Meeting plenty of birders.
Watching shorebirds begin their night-time migration from  Hillman Marsh in the evenings.

One of my favourite species:

I pretty much saw all the birds that others had reported at PP during that month except for Swainson's Hawk, Fish Crow, Western Tanager and Lark Sparrow. But I wasn't disappointed; I had seen some other good birds.

Bell's Vireo:

In late May Mira and I helped out with the Bird Surveys at Carden Alvar - I had been there once or twice before and was very impressed. This trip sealed the deal making me fall in love with the area. I cleaned up on all of the grassland birds I hadn't yet seen in the year.

June - August:

In mid-June I returned to the Carden for another great Bird Survey where my group found 3 singing Golden-winged Warblers.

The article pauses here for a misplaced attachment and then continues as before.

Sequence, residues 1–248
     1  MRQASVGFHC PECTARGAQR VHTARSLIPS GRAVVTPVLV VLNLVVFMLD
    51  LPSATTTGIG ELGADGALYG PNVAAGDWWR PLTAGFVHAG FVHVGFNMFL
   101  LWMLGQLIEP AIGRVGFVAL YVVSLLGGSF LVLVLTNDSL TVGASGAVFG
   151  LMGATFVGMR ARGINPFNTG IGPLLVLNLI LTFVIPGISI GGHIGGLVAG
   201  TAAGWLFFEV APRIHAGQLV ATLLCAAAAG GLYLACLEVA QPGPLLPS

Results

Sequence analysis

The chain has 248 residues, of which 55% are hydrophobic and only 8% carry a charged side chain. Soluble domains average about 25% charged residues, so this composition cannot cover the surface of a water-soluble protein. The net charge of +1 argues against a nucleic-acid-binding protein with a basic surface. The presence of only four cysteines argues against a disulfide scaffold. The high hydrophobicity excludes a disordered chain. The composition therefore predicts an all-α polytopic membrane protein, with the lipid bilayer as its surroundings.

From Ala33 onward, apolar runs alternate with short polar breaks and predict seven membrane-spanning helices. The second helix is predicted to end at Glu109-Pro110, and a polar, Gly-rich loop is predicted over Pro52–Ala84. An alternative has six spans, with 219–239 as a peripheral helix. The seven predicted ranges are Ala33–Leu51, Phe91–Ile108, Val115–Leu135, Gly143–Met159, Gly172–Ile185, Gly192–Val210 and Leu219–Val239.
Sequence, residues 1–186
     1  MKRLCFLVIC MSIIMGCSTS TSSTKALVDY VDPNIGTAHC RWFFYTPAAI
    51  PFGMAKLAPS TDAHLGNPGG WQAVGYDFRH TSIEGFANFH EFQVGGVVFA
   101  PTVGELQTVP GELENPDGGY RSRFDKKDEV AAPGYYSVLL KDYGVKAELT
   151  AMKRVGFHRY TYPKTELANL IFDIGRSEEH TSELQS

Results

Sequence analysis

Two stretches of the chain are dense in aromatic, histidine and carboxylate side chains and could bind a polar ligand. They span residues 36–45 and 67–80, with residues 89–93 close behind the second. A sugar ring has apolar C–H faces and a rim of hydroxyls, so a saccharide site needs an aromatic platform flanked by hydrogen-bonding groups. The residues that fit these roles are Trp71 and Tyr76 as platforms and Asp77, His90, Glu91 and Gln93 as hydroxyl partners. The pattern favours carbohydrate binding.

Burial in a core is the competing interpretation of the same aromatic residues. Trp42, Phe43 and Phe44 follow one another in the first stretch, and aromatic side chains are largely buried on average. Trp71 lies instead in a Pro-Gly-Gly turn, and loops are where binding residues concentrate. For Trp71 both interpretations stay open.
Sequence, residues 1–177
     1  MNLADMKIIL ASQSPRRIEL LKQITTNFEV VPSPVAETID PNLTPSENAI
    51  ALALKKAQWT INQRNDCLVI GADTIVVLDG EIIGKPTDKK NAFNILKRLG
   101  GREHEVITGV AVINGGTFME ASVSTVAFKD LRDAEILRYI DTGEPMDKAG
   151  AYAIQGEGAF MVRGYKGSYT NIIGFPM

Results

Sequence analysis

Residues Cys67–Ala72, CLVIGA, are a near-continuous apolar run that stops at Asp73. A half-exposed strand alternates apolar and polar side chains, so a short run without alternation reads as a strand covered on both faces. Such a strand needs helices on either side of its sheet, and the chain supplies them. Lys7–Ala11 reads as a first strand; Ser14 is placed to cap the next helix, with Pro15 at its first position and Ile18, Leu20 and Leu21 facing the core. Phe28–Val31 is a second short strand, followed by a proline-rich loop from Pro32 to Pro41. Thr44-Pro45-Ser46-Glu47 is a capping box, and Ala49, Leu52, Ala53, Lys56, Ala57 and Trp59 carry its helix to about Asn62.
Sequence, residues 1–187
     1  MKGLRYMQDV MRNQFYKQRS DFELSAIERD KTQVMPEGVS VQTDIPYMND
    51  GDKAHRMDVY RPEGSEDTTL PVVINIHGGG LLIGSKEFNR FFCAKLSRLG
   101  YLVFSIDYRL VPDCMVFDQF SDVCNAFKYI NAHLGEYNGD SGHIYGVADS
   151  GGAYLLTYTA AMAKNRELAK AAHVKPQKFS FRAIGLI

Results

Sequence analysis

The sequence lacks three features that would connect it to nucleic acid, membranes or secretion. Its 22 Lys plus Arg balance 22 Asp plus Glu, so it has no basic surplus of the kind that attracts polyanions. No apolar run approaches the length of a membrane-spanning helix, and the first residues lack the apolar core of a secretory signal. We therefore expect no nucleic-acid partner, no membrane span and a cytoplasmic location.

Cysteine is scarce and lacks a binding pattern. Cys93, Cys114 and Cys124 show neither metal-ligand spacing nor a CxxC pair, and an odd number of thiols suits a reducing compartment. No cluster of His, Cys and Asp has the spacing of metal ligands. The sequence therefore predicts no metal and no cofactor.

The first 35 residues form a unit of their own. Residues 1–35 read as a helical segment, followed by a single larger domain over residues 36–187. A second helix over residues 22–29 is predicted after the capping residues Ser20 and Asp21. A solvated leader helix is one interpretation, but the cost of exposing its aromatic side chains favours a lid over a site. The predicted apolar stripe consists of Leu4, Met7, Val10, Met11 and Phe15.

The prairie smoke was in full bloom:

Later in the month I concentrated more time on the other things in life - insects and amphibians:

I also did a bit of taxidermy for the Royal Ontario Museum

In early August I did a weekend trip around Ontario looking for migrating shorebirds. I didn't find anything unexpected but did manage to finally see a Least Bittern at Presqu'ile P. Park as well as an amazing sight of thousands upon thousands of Swallows swarming the sky during sunset. It truly was a spectacle and I was surprised that there wasn't anyone else out there enjoying it - nor had I ever heard of this massive congregation before. I hope to be able to go back next year... but it'll be exam time so maybe that will be difficult to squeeze in.

A week-long trip to Newfoundland with Mira involved an amazing shearwater feeding frenzy:

And a feast of mushrooms: